Icebreaker Arguments Reprised

All, Fun, Teaching Tips

When was the last time you laughed while teaching argumentation? It is true. You can have fun teaching argument. Serendipity is a wonderful thing. Last year I adapted Dave Stuart’s idea for an icebreaker that also introduces argumentation for use in my face-to-face First Year Seminar. After sharing facts about ourselves, we crafted claims and took turns matching claims to individuals. It was an extension to our community building as well as a handy introduction to argumentation to help differentiate between facts and claims (something we all need help with – have you checked your social media feed lately?). But this year I am teaching my First Year Seminar online and I couldn’t come up with an easy way to transfer that experience into the digital realm.

So I tweaked the idea yet again and proposed that each student post a few facts about themselves (following Dave Stuart’s framework sharing what was important to us, what we like to do, and a personal belief) followed by three claims. Students were then instructed to make three counterclaims on at least three of other posts. We then wrapped up the whole exercise with a reflection.

I really didn’t expect much from the exercise. I thought it would do the job (of introducing argumentation) and further our community, but to my surprise I found myself smiling and laughing out loud as I read students’ claims and counterclaims. They clearly had some fun while crafting them. So much fun and silliness. There were no real surprises, because we had already gone through a round of introductions prior to the exercise, but I could easily encourage that in the future. However, it did spark connections and reinforced the difference between facts and claims. And it was fun. There can never be enough fun when it comes to learning.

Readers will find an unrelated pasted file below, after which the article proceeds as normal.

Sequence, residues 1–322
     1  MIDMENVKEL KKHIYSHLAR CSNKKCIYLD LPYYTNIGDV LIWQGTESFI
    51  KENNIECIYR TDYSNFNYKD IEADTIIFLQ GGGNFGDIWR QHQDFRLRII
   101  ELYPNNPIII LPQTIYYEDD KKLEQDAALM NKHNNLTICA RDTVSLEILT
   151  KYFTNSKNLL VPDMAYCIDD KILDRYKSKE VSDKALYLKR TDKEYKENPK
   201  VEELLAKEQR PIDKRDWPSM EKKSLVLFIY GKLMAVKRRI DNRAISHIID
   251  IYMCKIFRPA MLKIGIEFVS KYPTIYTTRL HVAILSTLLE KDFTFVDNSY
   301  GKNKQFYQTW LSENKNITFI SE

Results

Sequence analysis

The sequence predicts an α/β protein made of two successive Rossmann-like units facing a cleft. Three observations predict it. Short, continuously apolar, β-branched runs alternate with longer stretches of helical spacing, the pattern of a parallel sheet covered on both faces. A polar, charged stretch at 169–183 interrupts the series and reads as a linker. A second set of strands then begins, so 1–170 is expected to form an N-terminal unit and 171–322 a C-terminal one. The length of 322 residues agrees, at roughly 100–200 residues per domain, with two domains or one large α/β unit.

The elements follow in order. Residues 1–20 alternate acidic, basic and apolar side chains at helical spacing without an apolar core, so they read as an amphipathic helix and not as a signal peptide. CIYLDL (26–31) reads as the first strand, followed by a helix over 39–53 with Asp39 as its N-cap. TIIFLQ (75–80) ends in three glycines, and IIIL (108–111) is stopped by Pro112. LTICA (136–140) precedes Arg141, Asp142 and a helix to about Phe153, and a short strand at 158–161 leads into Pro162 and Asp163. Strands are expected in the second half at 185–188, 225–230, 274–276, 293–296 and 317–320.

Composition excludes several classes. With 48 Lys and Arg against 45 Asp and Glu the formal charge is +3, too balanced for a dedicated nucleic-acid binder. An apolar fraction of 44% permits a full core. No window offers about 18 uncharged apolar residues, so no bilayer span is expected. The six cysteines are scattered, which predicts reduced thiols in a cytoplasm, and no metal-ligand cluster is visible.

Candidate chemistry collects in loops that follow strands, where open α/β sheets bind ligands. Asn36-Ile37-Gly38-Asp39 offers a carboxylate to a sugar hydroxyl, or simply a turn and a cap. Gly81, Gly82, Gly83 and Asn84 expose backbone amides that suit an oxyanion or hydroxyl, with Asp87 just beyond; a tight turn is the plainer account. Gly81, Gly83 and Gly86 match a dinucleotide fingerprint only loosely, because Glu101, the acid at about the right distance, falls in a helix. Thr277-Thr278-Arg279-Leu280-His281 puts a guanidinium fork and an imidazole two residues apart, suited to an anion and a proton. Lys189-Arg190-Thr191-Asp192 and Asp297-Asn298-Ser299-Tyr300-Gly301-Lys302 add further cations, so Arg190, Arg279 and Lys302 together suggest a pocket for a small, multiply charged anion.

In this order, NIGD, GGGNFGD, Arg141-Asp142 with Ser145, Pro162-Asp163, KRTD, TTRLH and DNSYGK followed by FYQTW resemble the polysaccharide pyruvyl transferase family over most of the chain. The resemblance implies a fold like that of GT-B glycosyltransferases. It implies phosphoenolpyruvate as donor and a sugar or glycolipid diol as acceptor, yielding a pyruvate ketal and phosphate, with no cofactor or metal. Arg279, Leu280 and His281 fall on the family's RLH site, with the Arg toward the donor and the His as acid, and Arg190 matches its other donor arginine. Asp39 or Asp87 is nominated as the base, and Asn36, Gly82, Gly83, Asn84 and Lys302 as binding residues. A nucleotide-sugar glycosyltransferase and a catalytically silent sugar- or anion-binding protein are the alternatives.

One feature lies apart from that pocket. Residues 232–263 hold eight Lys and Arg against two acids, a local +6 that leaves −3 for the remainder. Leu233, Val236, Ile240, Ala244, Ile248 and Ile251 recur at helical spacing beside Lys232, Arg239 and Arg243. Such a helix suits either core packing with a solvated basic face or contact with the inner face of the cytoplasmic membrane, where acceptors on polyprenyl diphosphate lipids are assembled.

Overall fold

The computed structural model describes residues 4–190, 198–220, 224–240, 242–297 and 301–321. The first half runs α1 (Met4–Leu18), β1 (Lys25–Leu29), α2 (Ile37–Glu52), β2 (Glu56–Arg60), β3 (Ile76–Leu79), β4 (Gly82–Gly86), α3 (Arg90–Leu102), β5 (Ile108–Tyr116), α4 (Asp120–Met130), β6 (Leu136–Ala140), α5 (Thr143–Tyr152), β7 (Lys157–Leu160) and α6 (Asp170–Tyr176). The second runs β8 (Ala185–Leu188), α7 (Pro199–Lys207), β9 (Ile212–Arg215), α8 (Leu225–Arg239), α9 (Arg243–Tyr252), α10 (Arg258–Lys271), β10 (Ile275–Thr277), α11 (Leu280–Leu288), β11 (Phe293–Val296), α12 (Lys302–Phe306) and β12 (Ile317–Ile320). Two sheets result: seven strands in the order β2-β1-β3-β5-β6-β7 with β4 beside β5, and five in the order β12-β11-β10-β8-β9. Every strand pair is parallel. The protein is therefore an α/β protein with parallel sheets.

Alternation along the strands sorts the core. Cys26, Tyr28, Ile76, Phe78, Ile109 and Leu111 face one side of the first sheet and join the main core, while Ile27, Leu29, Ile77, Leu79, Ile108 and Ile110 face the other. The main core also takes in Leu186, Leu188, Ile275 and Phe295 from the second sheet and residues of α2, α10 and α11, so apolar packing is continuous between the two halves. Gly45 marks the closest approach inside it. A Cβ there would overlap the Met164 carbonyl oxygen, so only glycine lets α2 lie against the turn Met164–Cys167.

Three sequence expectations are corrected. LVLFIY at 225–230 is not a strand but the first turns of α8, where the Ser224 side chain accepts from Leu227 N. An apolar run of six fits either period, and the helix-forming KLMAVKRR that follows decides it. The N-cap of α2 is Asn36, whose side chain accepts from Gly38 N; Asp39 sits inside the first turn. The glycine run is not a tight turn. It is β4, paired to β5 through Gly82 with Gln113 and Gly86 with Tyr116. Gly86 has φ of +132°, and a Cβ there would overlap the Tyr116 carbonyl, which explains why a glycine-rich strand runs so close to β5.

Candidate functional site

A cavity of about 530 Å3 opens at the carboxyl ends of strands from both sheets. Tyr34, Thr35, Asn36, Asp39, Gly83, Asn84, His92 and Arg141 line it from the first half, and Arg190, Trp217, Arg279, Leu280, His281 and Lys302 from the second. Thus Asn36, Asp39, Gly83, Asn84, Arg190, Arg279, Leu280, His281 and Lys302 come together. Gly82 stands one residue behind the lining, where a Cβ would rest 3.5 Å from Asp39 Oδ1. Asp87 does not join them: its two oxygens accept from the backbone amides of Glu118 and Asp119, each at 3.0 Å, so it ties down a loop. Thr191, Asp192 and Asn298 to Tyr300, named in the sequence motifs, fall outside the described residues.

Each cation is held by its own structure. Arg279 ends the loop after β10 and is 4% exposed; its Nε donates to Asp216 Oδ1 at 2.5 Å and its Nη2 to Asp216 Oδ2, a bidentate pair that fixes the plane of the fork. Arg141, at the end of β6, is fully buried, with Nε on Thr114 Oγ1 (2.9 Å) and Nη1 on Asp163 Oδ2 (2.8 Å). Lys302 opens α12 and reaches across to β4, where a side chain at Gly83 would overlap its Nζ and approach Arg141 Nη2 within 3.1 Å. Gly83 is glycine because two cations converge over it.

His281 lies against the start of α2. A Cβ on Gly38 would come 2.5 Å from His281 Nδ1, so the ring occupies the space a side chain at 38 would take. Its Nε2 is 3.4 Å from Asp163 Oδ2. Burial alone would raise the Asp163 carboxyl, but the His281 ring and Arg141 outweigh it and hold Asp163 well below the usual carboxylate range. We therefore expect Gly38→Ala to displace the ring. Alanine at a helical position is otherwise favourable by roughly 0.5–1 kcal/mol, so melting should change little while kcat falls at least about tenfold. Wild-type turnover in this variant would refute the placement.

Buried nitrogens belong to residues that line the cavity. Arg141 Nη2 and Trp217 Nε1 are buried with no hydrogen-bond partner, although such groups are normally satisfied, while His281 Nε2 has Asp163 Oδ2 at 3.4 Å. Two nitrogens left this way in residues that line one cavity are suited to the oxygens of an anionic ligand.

This adaptation of the icebreaker argument exercise could be a fun game for face-to-face classes in addition to the original version (properly spaced) to review or refresh community after a break. What fun do you have with arguments, facts, claims, and counterclaims in your classes?

Artwork by Lurens on Pixabay

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